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FAIL

"why did you buy a house where there was no broadband available?"

The real question here is why are there houses where no broadband is available?

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Unhappy

The real question

The real question is why this woman thought it was the Governemnt's fault. This is just another case of middle-class welfare in operation.

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Re: The real question

It is not about middle-class welfare: just as basic services such as water & sewerage have been in place in cities for centuries, followed later by more sophisticated services like telephone lines, the NBN is the latest service which will one day be taken for granted. The technology already exists. All that is lacking is the political will, and that is most definitely the government's fault.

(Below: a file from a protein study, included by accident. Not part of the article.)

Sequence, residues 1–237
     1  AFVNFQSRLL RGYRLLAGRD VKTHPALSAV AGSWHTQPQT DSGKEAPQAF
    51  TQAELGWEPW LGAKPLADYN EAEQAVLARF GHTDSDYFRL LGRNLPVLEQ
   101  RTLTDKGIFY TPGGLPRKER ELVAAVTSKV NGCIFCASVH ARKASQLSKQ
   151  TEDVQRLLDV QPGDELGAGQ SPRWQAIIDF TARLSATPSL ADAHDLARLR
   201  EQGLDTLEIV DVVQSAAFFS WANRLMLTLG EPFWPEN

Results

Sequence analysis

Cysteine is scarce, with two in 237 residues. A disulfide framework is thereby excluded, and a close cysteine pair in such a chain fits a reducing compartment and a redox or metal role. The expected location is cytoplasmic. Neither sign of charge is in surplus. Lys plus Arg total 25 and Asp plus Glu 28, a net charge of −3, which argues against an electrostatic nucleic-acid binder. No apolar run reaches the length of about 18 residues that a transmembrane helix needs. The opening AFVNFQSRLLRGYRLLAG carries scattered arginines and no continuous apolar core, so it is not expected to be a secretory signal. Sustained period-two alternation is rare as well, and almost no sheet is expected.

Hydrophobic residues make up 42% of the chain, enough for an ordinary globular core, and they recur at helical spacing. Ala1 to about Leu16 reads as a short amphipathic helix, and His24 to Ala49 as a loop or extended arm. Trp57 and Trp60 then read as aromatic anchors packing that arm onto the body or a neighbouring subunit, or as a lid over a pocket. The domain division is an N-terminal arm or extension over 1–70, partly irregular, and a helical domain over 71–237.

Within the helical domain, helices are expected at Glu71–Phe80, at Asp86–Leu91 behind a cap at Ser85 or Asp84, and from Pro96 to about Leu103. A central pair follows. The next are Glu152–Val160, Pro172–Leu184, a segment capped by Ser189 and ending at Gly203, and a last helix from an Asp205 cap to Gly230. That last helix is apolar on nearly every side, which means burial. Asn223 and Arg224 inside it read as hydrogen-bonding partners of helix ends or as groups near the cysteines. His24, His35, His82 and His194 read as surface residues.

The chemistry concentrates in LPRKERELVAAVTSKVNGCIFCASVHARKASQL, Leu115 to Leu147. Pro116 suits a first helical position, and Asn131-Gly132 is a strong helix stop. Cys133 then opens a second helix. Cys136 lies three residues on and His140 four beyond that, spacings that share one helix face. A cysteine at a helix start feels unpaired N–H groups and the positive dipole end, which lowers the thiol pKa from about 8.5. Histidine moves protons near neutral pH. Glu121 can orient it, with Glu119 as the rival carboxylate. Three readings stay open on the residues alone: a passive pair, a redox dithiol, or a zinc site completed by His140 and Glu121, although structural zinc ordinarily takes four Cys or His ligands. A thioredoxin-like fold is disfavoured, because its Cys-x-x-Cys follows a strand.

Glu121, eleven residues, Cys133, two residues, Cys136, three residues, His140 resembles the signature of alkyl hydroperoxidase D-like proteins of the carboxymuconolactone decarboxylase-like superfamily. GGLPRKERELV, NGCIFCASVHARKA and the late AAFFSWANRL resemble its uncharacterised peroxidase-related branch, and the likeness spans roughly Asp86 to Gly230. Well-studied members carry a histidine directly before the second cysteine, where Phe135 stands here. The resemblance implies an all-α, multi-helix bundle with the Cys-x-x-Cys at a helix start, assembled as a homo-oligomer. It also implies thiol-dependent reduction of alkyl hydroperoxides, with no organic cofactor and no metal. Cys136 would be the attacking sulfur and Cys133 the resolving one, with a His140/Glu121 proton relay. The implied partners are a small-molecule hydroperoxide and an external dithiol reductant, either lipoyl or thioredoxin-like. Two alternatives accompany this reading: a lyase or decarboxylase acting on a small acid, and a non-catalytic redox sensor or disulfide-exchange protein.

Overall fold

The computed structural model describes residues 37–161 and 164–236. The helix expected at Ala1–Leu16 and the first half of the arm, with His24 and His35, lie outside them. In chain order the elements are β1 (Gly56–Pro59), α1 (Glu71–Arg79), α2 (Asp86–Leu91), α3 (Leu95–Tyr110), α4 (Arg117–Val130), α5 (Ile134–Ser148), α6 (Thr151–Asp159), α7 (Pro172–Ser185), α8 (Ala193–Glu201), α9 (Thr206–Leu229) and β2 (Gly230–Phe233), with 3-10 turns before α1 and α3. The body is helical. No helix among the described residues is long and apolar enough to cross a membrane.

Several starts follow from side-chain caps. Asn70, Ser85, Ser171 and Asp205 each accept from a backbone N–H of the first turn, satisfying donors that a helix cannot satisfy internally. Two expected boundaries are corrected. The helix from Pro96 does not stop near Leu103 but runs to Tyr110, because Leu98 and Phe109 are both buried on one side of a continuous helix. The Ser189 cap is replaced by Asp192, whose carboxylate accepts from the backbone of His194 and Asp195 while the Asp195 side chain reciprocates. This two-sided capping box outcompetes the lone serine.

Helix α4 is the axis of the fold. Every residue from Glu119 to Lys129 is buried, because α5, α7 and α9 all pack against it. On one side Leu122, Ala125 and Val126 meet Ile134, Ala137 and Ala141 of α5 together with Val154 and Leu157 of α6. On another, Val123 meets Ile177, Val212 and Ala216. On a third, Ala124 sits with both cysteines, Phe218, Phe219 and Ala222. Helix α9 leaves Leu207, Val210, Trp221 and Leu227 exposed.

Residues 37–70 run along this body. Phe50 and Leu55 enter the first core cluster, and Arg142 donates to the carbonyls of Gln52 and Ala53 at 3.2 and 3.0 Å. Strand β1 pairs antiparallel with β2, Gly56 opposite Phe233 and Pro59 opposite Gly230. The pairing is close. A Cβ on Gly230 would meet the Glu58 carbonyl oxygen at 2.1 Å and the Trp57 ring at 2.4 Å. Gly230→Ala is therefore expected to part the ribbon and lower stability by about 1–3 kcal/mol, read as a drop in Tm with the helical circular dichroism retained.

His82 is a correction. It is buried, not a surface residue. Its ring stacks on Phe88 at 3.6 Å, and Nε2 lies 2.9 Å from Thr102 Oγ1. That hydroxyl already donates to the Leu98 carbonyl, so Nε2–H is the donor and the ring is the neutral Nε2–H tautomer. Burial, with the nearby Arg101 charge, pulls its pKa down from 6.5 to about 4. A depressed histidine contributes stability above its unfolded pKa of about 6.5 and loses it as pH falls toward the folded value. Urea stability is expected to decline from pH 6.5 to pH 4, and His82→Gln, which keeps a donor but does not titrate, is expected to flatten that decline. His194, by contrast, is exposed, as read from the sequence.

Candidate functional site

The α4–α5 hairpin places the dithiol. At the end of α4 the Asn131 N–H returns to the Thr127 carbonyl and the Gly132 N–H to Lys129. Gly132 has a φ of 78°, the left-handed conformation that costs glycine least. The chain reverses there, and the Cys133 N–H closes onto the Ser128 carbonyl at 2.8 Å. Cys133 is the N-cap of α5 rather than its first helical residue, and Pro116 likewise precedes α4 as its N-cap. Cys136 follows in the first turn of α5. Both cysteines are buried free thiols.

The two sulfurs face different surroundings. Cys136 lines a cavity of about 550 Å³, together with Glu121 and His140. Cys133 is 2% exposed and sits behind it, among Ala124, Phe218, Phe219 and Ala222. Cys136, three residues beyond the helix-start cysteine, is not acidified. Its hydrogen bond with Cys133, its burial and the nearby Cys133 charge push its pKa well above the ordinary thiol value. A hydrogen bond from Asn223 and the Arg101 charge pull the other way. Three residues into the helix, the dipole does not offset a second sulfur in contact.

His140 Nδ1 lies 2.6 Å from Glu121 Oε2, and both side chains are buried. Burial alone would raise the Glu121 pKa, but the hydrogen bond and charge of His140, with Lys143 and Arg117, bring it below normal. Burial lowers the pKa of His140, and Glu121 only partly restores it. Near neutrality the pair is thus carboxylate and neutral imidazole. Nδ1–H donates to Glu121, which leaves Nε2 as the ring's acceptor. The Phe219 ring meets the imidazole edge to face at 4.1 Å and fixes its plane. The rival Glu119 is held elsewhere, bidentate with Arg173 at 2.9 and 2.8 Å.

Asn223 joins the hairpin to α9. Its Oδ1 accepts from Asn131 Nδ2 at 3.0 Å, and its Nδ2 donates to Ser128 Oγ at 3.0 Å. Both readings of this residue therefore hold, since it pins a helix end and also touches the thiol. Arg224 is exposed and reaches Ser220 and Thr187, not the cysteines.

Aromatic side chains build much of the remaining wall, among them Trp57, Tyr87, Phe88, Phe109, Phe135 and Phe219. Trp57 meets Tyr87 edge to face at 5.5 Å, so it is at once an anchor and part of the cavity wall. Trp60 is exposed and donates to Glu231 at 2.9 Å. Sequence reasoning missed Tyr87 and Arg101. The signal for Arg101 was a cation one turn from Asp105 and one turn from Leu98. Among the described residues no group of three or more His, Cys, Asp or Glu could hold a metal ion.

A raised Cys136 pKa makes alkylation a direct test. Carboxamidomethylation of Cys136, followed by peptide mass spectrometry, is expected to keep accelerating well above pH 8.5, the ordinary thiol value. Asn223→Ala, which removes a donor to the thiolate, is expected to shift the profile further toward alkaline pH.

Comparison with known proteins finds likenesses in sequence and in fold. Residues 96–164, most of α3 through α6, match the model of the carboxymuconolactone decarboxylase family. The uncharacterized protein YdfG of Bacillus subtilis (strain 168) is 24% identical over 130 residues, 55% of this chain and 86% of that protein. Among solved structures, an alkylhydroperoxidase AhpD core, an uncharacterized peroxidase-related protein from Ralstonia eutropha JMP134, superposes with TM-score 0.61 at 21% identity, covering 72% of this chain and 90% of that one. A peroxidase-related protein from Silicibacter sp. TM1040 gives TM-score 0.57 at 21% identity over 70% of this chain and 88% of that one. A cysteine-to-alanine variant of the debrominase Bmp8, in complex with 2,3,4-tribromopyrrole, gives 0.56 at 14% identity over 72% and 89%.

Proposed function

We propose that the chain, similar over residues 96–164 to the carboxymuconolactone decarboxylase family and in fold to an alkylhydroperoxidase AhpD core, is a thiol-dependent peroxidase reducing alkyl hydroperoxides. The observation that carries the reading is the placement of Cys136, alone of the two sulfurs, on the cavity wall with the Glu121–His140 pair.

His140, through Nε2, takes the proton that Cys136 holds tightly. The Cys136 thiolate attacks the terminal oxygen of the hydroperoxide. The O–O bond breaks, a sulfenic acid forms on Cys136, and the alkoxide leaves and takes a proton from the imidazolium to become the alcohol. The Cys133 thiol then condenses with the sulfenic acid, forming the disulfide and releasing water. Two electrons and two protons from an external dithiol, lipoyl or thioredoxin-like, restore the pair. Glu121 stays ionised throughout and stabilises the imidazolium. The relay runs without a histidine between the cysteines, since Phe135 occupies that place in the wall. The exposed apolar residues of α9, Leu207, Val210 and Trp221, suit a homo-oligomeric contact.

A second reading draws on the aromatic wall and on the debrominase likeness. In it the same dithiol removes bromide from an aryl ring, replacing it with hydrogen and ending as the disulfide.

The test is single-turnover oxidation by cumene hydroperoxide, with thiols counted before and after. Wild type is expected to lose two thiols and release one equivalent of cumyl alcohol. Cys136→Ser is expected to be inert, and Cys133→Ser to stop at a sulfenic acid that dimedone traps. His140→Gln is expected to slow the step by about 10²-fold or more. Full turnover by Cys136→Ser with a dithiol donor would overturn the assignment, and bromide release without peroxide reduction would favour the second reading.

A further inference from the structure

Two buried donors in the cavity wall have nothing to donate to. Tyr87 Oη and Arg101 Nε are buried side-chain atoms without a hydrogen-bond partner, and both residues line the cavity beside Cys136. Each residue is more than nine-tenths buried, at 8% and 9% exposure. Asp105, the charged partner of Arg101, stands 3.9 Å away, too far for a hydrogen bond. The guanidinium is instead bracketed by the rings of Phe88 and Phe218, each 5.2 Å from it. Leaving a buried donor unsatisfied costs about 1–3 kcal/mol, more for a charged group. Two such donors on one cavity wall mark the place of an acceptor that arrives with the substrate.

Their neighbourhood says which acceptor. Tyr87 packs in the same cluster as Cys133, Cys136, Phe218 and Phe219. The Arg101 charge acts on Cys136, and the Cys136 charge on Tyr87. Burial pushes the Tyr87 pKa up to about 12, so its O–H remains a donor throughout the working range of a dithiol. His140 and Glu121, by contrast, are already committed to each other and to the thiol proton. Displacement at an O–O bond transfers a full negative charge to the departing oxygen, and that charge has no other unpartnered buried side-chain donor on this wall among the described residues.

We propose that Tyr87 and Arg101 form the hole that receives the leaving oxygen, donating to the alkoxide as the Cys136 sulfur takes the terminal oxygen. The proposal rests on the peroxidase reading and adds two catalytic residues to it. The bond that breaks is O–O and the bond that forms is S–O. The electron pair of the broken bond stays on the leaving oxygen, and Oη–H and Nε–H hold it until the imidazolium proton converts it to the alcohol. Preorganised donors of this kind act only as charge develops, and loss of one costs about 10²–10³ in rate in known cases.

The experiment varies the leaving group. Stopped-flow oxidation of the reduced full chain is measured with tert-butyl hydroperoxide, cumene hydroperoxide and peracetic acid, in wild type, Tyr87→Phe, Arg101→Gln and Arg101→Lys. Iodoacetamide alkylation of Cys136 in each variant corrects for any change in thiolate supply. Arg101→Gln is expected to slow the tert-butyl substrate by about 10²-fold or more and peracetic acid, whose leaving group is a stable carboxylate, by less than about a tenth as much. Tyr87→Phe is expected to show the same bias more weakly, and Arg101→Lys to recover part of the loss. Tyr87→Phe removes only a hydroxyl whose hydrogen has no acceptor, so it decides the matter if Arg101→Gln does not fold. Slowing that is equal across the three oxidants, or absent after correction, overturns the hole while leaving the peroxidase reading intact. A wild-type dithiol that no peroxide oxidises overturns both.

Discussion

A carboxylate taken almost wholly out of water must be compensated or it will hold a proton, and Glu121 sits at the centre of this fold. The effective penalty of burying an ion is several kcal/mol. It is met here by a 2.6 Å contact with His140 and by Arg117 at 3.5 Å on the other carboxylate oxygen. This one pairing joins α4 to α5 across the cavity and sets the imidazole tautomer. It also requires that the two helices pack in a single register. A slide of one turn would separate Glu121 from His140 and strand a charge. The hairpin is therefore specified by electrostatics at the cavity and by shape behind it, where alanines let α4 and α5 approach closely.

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Urh

Ugh....

While Turnbull did not explicitly tell Keady to move house, I agree with other comments that have concluded that Turnbull's response implied that she should move in order to get better broadband. For a minister whose job it is to oversee telecommunications policy, this is unacceptable. Instead of expressing concern that there are still premises without fixed line service (in 2014, no less), the minister tries to paint Keady as a fool, even though (as others have rightly pointed out) it is virtually impossible to know for certain what services are available at a property until after you've purchased it and attempt to have services connected.